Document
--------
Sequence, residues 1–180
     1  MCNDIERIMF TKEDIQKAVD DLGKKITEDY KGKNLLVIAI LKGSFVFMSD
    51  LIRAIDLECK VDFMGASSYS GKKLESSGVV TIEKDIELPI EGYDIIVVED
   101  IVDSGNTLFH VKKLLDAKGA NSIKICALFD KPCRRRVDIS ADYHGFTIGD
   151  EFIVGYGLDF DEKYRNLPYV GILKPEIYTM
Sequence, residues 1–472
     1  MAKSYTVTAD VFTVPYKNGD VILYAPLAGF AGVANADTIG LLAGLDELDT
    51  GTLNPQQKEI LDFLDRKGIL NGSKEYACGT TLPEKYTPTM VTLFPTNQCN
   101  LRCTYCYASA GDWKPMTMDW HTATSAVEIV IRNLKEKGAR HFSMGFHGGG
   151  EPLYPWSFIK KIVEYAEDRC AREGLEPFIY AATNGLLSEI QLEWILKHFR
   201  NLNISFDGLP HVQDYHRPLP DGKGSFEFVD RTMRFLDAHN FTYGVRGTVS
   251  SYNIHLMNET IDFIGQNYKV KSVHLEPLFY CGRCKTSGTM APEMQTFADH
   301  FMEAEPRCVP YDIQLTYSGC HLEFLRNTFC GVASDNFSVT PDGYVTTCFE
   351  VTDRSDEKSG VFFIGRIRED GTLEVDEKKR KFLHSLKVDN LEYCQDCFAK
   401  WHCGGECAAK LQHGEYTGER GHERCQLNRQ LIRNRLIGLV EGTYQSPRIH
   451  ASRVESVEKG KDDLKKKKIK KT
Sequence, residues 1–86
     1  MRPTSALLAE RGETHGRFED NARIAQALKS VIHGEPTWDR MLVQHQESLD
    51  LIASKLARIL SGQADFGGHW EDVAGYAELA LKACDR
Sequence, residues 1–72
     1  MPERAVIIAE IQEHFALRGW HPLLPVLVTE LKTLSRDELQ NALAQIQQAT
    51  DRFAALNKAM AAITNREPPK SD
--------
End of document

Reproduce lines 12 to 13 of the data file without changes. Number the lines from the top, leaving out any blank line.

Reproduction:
   251  SYNIHLMNET IDFIGQNYKV KSVHLEPLFY CGRCKTSGTM APEMQTFADH
   301  FMEAEPRCVP YDIQLTYSGC HLEFLRNTFC GVASDNFSVT PDGYVTTCFE